With more than 2,187 crashes involving pedestrians and cyclists reported in the tricounty area since 2010, the first priority when developing a unified walk and bike plan for the Lowcountry was safety.
Led by the Berkeley, Charleston, Dorchester Council of Governments (BCDCOG) Wednesday evening, the proposed regional plan comes after almost a year of study and public comment. In order to prioritize the routes and areas where improvements would most benefit communities and facilitate more active commuters, those behind the project took a close look at the area’s most dangerous corridors for cyclists and pedestrians.
Topping the list was Charleston’s U.S. 17 corridor, which accounted for 100 collisions involving bikes or pedestrians between 2010-2014, but the peninsula’s main arteries were not far behind. Combined, the King and Meeting street corridors were home to almost 160 collisions over that period, with King Street being home to 93 crashes. In terms of the number of collisions involving pedestrians and cyclists, these areas were followed by Dorchester Road, Rivers Avenue, and Ashley River Road. Over this four-year period, a total of 226 of these collisions resulted in the death or serious injury of a person walking or biking.
As the steering committee tasked with developing a regional plan for improved safety and connectivity gathered for their first meeting in June, the dangers faced by pedestrians was all too apparent. A 71-year-old North Charleston woman had just died after being struck by a dump truck on Rivers Avenue.
Suggested in the new bike and pedestrian plan is a new vision of connectivity. This includes 546 miles of shared-use paths, such as the walkway across the Ravenel Bridge. More than 800 miles of dedicated bike lanes are also recommended, 47 miles of which would either be separated or buffered from lanes of automobile traffic. While the plan provides a regional look at overall connectivity, suggested spot upgrades also include more focused looks at specific intersections and roadways.
“It’s exciting,” said Katie Zimmerman, executive director of local biking advocacy group Charleston Moves. “Suggesting basic intersection upgrades, it’s relatable for people. And these are upgrades that could be done cheaply and could change people’s lives.”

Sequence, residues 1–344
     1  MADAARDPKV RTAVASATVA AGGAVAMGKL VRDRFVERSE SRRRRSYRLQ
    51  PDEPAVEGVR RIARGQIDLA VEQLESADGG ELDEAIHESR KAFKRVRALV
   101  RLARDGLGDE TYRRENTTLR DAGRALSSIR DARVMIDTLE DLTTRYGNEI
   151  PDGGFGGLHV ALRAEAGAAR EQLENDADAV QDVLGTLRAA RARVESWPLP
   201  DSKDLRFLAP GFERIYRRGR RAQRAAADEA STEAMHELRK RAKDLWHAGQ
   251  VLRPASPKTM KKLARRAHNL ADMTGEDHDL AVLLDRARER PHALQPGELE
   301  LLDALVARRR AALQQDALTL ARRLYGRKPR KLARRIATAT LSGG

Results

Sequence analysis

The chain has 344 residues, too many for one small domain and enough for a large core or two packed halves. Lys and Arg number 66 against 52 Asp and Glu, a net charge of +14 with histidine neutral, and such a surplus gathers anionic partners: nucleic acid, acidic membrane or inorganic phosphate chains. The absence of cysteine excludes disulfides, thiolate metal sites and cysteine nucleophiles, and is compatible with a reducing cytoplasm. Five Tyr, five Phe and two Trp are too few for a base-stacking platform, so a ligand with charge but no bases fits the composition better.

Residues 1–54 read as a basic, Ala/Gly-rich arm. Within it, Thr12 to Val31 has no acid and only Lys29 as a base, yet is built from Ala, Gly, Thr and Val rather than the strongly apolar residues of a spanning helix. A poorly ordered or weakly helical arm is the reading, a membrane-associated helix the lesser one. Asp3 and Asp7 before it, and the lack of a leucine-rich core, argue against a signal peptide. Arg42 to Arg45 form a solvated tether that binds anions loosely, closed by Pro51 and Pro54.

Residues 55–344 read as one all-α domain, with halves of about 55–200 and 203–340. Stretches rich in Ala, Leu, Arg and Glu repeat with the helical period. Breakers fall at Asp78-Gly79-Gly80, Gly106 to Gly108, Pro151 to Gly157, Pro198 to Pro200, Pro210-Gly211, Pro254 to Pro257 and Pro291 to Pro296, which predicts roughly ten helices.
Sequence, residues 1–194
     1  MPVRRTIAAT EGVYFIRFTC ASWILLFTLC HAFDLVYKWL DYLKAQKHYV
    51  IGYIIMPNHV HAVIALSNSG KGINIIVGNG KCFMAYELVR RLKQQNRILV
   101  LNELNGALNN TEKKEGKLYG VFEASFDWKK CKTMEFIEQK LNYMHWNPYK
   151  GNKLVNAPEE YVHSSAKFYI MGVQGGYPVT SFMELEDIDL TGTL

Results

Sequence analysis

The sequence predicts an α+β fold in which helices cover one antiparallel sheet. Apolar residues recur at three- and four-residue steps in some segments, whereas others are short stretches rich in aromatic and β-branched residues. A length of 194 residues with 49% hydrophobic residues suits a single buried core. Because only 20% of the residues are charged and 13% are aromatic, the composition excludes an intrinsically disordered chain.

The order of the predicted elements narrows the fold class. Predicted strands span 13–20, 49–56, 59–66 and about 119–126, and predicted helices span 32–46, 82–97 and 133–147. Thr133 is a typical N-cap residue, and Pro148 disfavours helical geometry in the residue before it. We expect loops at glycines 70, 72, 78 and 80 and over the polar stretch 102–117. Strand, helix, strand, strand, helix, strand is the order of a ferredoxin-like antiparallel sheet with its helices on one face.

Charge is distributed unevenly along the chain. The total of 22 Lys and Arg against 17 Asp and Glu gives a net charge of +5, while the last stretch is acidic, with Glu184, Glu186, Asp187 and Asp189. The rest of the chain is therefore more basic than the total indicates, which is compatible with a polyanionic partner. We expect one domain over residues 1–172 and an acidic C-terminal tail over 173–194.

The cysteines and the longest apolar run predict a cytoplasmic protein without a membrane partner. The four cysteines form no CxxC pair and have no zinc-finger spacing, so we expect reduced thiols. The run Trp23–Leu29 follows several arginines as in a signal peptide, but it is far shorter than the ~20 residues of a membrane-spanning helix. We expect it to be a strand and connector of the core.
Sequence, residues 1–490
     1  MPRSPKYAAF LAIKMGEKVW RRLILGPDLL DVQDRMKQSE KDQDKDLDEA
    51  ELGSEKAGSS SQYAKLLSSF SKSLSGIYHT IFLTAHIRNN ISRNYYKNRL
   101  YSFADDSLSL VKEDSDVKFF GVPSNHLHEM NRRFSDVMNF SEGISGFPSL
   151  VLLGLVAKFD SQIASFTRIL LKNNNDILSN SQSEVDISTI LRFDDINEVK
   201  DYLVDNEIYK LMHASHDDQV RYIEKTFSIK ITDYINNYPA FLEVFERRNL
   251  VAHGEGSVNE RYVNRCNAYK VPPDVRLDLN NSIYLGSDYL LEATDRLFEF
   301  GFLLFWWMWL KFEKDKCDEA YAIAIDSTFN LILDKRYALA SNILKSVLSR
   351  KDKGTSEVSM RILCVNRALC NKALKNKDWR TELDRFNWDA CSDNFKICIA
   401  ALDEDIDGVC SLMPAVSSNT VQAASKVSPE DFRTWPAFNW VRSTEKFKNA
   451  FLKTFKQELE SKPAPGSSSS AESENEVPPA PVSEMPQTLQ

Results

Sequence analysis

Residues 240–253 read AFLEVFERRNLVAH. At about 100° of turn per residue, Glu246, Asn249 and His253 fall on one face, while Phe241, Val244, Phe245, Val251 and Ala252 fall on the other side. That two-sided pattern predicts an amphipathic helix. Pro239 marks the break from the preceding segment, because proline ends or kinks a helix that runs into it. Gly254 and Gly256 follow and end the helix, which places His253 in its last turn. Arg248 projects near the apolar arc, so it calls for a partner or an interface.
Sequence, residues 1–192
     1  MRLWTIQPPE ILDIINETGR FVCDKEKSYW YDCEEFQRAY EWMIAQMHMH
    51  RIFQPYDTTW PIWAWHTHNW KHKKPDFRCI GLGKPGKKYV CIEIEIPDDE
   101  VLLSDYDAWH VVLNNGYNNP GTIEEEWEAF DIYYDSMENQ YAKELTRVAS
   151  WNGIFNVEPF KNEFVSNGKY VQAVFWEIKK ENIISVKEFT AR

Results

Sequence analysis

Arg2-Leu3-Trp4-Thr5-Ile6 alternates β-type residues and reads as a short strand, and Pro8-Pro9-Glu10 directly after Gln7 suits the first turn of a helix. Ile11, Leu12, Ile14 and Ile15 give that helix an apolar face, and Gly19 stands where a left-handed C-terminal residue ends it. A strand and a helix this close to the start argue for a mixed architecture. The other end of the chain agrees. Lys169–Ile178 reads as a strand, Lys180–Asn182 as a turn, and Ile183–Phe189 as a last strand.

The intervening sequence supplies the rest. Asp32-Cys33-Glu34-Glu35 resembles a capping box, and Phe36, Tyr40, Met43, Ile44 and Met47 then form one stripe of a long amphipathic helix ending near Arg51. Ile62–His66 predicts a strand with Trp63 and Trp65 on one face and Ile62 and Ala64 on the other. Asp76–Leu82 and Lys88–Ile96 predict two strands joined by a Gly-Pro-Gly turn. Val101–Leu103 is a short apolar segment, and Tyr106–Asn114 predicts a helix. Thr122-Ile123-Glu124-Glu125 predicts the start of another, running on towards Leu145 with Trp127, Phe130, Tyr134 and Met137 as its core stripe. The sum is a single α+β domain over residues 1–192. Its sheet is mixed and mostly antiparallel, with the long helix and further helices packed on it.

In terms of how Charleston County commuters compare to national averages, locals were more than twice as likely to ride their bikes to work and slightly above average in terms of walking to work. Funded by $200,000 from the Department of Transportation, more than 1,000 locals were surveyed as part of the bike and pedestrian plan. Of those who participated, more than 30 percent said they rarely or never walk or bike to a destination.
Looking at the areas in the region where demand for bike and pedestrian connectivity was greatest but infrastructure was most lacking, the project committee has developed a five-phase master plan that could be implemented over the next 30-40 years, but a list of near-term upgrades was also outlined. The six projects highlighted for implementation within the next 12 months include the addition of a paved shoulder on U.S. 52 in Greater St. Stephen, a shared-use path at the Ravenel town center at U.S. 17, a separated bike lane in downtown St. George on Memorial Boulevard, bike lanes on Palm Boulevard on Isle of Palms, a bike route for the Summerville Sawmill Branch Trail Connector, and bike route on Main Street in Moncks Corner.
In terms of funding for each stage of improvements, the plan points to short-term sources, like public-private partnerships and county and local taxes, and long-term sources such as federal transportation funds and Congressional earmarks.
According to Vonie Gilreath, the BCDCOG mobility manager, the major challenge when implementing these proposed changes is retrofitting existing infrastructure. The process becomes increasingly easier when pedestrian- and bike-friendly infrastructure is including in the construction of new roads and facilities.
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